The process of payment processing.
The buyer only has to enter the card details and the order amount is automatically debited from the account. When using the services of different payment systems, the process of payment processing in the online shop is always the same. When a customer enters a bank card in the window of an online shop and receives a report of a completed payment, the following happens:
- The buyer places an order and enters information about his card on the website of the online shop or the payment system.
- Information about the order and the seller is sent to the payment system server via a secure connection (SSL).
- The payment system sends the payment information to the bank where the seller’s account is open.
- Information is sent from the seller’s bank to the bank that issued the card to the buyer.
- At the buyer’s bank, the information is checked for authenticity and availability of the credit on the buyer’s account. The answer with the results of the verification is sent back to the seller’s bank.
- The seller’s bank sends the response and payment information to the payment system. If approval to write off funds has been granted, the amount stated will be transferred to the seller’s account.
- The payment system sends the transaction results to the online shop.
- The buyer receives a report of payment (or refusal to accept funds).
Depending on the seller’s bank, the type of bank card and the payment system used, a fee may be charged.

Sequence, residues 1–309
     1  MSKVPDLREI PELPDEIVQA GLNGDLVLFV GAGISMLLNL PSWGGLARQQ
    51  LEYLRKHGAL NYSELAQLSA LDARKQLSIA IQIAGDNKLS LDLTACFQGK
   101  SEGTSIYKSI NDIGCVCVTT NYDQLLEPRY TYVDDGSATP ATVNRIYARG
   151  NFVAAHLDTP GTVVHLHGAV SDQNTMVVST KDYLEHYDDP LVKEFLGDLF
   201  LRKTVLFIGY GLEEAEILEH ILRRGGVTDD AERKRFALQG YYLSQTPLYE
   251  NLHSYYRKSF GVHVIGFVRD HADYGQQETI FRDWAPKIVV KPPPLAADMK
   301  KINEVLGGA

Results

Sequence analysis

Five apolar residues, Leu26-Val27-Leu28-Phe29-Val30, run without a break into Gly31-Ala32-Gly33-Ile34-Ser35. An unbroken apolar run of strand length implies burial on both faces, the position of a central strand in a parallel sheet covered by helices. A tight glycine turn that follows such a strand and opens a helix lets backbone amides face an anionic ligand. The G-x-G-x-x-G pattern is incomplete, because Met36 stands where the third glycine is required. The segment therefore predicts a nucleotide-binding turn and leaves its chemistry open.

The Visa, MasterCard, American Express and Discover payment systems are at the heart of the payment industry and support transactions between consumers, merchants, processing centers and banks. They have created special electronic networks that enable market participants to exchange information, collect data and process transactions.
Systems like Visa have built relationships with banks, and their technologies have penetrated deeply into and deeply rooted in the financial sector, which has created a high barrier for new players to enter this market. International payment systems also have low marginal costs, which makes their business models very attractive to investors.
American Express and Discover’s business models differ from Visa and MasterCard. They consolidate the functions of a receiving bank, an issuing bank and a payment system, open credit lines for their customers independently and issue payment instruments, thereby reducing the number of participants in transaction processing.
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